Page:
I’m happy to announce I’ll be hosting a conversation (which will be available on YouTube) among 2 Canadians and 2 Americans, Ethiopian adoptees and white adoptive parents. In some ways, the US and Canada are similar, but there are significant political, cultural, and historical differences. Is there common ground between Ethiopian adoptees raised in different countries? What does it feel like to be an Ethiopian raised in a French-speaking part of Canada? Does growing up in a majority-black US county help form racial identity? Where and how do Ethiopian adoptees “fit in” with immigrants, Africans, and their adoptive families? Let’s start the conversation.


One conversationalist will be Annette Kassaye MacDonald, a 28-year-old Ethiopian adoptee born outside of Gondar, adopted at one year old, raised by white parents in the Eastern Townships, Quebec, and now living in Montreal. She has 4 older siblings born to her adoptive parents and one younger adopted sibling. Annette graduated from Concordia University (Montreal) in 2013 with a B.A. in political science and human rights studies. She speaks English, French, and Spanish.

Annette Kassaye MacDonald

Annette Kassaye MacDonald

Annette will be joined by Aselefech Evans,  a 25-year-old Ethiopian adoptee born in Shashemene, adopted at 6 years old with her twin sister, raised by white parents just outside Washington, DC, and now living in Prince George’s County, Maryland. She is finishing up her degree in sociology from Bowie State University, and plans to go on for her MSW. Aselefech is a columnist for the online adoptee-centric magazine Gazillion Voices, and also is a contributing writer on family preservation issues for Lost Daughters, an independent collaborative writing project edited and authored by adult women who were adopted as children.

Aselefech Evans

Aselefech Evans

Hosting the conversation with me will be Chris Ardern, a Canadian adoptive mom of two young Ethiopian children, now living in Toronto, Ontario. Chris’s son is 3 years old, and her daughter is 6. Chris, her husband, and their children travel to Ethiopia annually to visit with friends and family. She and her family are very involved with the Ethiopian community in Toronto, from playgroups to Amharic classes.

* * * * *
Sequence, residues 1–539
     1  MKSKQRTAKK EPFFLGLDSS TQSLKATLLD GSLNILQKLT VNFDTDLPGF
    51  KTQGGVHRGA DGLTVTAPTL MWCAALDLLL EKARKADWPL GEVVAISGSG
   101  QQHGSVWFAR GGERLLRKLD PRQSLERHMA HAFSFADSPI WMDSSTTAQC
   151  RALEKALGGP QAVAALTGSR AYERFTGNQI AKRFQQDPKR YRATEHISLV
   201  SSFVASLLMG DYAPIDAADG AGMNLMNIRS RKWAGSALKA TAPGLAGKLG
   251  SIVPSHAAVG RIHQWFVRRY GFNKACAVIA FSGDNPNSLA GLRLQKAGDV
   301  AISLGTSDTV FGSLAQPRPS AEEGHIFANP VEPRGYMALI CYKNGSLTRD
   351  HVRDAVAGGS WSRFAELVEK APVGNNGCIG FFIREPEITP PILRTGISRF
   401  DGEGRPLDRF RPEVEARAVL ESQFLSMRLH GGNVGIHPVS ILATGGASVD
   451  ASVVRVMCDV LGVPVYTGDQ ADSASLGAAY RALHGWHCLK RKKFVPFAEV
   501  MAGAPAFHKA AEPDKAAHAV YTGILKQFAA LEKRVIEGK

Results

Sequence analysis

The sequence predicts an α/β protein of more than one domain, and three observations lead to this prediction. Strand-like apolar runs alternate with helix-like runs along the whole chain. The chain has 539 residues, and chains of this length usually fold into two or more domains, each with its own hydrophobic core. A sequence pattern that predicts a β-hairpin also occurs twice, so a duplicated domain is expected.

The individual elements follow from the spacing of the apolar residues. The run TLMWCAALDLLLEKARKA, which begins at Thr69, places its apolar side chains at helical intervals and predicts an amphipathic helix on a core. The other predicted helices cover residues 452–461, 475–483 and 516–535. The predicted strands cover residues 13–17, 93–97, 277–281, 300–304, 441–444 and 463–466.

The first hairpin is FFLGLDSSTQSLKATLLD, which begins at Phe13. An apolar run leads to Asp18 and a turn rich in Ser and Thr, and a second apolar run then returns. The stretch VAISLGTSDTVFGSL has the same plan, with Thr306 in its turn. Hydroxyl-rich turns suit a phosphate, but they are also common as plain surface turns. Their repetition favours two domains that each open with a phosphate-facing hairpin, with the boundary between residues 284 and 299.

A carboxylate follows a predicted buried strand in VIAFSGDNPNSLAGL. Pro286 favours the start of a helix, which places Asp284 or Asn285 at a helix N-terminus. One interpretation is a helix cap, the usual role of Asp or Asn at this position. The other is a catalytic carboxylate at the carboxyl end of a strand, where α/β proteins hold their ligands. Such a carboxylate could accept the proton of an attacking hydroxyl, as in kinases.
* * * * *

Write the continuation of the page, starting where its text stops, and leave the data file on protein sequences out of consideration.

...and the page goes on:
I’m the writer of this blog, an American adoptive mom of four now-young adults (including Aselefech), and the grandmother of a wonderful 7-year-old. I’m looking forward to my third trip to Ethiopia this July. I live in Seattle, where I am a freelance writer and artist.


Our topics:

  • Race (What does it mean to be black in America? In Canada? In Quebec? In Washington, DC? What do the terms Ethiopian-American or Canadian-Ethiopian mean?)
  • Openness in adoption (Connections with birth families and Ethiopians: what’s possible, and what is useful?),

and, if we have time,

  • The impact of the Internet (sharing adopted children’s information and stories, accessing birth families, and more).

Please feel free to leave a message below with any questions you’d like to suggest. You can also email me at Maureen (at)

We will be taping the conversation Sunday, February 23, and I will post a link to it as soon as possible. My thanks to Chris, Annette, and Aselefech.

And please stay tuned for more upcoming conversations!